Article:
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Thoughtful. Thanks, I appreciate it. Don't disagree......
By:  Paul (Moderators; 69615)
Posted on: 07-16-2020 12:14.
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Also won't defend someone else's argument for sure, just how I took his meaning, which admittedly may be ignorant.

I'm less sure that ideas aren't handed down and expanded upon. As in... Hegel, Kant, Nietzsche provided philosophical underpinnings for fascism's rise in Germany. Obviously the fuse was the economic throttling, and providing moral justification is important.

But as a worldview, the public had been primed for a leader with these ideas because bits and pieces of the Nazis' more-comprehensive whole were in common German "thought" for decades. Anti-semitism, uber alles, etc.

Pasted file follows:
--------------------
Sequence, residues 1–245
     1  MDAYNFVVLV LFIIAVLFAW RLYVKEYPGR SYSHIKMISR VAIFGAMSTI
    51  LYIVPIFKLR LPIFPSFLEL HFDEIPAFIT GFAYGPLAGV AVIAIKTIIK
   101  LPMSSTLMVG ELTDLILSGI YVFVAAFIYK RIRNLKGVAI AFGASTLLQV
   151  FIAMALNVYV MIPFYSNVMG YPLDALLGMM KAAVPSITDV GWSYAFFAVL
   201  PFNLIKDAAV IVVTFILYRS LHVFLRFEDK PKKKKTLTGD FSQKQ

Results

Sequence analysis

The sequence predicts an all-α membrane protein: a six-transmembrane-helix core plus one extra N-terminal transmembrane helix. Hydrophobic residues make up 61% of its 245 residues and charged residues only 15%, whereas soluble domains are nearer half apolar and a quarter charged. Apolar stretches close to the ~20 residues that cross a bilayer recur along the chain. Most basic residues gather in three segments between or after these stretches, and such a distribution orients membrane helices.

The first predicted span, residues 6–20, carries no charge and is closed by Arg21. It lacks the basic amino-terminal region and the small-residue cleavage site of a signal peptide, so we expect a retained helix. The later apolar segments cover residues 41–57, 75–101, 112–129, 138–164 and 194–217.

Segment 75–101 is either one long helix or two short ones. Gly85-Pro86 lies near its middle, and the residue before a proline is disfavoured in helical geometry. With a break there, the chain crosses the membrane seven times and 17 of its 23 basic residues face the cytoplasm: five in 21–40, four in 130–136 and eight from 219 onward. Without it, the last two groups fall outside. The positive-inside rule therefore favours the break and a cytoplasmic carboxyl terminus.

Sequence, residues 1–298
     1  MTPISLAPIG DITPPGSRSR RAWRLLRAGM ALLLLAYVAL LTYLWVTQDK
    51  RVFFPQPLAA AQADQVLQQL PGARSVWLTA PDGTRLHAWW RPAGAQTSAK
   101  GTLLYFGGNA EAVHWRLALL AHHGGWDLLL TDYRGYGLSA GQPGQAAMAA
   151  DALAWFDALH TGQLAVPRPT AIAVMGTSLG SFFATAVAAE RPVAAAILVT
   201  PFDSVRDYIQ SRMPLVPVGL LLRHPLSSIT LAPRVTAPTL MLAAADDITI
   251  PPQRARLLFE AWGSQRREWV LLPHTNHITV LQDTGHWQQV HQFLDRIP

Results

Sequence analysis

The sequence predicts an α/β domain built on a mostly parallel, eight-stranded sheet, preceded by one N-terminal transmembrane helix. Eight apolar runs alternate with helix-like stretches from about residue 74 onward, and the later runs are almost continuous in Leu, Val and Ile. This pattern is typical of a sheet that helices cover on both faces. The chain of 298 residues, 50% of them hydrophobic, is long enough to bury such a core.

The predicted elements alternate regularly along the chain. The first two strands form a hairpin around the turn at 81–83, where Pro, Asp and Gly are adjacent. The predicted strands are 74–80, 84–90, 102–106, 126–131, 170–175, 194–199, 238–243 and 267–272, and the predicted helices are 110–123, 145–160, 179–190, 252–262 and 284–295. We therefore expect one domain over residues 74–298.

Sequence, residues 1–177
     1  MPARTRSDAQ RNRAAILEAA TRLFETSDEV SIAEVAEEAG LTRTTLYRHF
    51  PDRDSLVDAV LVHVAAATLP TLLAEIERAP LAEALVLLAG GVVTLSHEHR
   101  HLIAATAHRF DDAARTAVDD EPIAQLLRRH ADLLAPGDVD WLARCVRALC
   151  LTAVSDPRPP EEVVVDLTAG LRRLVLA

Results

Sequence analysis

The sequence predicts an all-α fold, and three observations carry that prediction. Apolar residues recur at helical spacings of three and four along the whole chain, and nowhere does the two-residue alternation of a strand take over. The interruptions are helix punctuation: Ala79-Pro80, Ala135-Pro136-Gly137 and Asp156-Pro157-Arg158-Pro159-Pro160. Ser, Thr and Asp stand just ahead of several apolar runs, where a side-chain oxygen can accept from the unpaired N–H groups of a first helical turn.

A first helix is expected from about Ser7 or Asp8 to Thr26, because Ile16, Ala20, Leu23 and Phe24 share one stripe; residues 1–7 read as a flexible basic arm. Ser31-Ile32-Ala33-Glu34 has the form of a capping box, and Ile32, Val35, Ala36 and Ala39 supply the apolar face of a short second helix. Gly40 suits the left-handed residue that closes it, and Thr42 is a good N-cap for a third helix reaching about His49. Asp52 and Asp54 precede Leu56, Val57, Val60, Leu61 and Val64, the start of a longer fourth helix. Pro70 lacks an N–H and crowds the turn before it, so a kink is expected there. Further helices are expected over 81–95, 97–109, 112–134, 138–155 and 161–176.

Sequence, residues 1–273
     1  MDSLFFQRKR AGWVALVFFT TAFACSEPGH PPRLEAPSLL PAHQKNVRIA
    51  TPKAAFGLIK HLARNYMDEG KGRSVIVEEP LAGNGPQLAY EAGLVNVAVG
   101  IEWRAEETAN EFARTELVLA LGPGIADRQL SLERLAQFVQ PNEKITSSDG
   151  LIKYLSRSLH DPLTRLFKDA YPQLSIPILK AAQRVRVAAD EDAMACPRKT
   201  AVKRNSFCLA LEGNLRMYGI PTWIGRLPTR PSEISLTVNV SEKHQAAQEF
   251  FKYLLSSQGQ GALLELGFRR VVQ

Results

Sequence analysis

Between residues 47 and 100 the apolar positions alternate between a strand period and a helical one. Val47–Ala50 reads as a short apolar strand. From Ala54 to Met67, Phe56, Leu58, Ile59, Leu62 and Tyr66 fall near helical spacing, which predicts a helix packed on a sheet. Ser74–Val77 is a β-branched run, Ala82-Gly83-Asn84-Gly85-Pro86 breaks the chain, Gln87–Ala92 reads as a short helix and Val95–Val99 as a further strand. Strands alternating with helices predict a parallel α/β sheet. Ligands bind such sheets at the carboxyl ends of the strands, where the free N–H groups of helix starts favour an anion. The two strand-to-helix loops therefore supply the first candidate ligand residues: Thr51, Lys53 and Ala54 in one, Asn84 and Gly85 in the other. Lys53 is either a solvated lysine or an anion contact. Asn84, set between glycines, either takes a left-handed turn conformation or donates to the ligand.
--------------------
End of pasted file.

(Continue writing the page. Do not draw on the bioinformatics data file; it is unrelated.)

For me these things look less like destruction of old ideas there... more like new iterations/expressions/implementations of older ideas. Same in the US today, a la anti-federalism, racism, etc. Trumpism stands on the shoulders of Lindbergh, Goldwater, et al.

The idea that one group of people is superior to another and ought to be enshrined as national socioeconomic policy didn't start with the Germans, but it was cribbed from elsewhere (including the CSA, eugenics broadly in the late 19th/early 20th century, etc).

I didn't see Jared's thread as exclusive of any of that, may've oversimplified his thesis somewhat. Looking forward to his book anyhow.

Edited by Paul at 16.07.2020 12:17:52


“Don’t overplay. Don’t overplay. Less is more. It will always be: less is more. Nobody is ever going to remember all those fancy solos - even the guys that play them, most of them won’t remember - so play some licks that people can walk away humming, that people can identify with." --Steve Cropper